Poetry has a lot to offer a world in crisis. For centuries poets have given voice to our collective trauma: they name injustices, reclaim stolen language, and offer us courage to imagine a more just world. In a world out of balance, poetry is an act of cultural resilience.
It’s impossible not to find poems in this fine volume that could be used across the curriculum. This is not an “Isn’t nature beautiful!” book. It begins with colonial dispossession, and includes chapters on the environmental crime of war, food and culture, resource extraction, resistance, and the Global South.
Although the book features great stylistic diversity, the link between people, power, and nature weaves through the book, as in June Jordan’s “Focus in Real Time”: “Who grew these grains/Who owned the land/Who harvested the crop/Who converted these soft particles to money/Who kept the cash. . .” [Description from Rethinking Schools]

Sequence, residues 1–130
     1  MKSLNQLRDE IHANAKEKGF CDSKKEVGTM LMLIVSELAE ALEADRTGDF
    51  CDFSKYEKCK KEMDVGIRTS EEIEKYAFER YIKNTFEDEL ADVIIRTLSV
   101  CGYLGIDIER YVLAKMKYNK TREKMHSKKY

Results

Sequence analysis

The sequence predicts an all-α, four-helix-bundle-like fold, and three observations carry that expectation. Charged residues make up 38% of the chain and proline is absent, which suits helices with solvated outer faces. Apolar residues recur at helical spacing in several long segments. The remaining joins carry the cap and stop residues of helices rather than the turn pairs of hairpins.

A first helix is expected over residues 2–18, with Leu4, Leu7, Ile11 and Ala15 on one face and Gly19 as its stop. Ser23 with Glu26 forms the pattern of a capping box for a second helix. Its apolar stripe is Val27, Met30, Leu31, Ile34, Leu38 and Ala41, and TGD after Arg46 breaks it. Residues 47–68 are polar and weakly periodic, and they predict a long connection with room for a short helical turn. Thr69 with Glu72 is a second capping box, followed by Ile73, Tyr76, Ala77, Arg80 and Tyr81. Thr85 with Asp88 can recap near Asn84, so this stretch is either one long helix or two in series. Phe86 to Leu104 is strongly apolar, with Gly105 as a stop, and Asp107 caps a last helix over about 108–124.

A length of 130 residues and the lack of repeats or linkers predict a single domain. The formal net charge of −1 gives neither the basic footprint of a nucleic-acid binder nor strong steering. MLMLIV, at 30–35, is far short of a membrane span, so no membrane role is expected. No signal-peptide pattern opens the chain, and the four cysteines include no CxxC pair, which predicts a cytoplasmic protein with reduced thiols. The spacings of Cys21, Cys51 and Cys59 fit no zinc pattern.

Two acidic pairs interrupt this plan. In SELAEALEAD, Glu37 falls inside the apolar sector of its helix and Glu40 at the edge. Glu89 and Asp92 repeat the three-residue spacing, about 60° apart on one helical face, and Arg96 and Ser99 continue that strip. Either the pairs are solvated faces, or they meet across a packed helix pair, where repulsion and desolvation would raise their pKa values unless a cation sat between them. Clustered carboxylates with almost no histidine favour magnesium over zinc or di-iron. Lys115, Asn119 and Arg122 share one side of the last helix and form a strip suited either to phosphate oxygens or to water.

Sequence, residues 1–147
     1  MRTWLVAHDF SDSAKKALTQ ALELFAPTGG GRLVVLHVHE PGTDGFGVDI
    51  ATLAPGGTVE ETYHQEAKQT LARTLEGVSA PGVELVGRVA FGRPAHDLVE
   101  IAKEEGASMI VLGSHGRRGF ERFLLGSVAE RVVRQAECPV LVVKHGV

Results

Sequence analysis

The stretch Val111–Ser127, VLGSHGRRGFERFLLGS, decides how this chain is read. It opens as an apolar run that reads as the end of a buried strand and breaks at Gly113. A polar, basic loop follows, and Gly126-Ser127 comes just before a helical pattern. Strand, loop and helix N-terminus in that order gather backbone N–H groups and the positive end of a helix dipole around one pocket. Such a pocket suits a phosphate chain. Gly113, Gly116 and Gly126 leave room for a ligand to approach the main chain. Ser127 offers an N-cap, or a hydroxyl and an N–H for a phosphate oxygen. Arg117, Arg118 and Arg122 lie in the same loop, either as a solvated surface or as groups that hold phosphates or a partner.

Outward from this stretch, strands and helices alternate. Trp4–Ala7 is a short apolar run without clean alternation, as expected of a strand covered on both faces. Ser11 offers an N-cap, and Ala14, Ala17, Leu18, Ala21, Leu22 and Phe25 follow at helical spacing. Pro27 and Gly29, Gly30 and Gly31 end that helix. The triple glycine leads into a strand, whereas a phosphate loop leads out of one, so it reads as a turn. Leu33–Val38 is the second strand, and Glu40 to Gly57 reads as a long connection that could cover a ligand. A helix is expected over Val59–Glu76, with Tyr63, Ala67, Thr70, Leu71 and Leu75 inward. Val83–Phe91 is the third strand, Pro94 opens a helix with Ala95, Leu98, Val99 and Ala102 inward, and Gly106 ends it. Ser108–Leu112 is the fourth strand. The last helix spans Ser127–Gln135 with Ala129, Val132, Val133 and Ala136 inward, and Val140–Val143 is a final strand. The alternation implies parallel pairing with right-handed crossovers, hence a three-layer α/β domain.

Contributors include Homero Aridjis, Brenda Cárdenas, Natalie Diaz, Camille T. Dungy, Martín Espada, Ross Gay, Joy Harjo, Brenda Hillman, Linda Hogan, Philip Metres, Naomi Shihab Nye, Tolu Ogunlesi, Wang Ping, Patrick Rosal, Tim Seibles, Danez Smith, Arthur Sze, Eleanor Wilner, and Javier Zamora.
ISBN: 9780820353159 | University of Georgia Press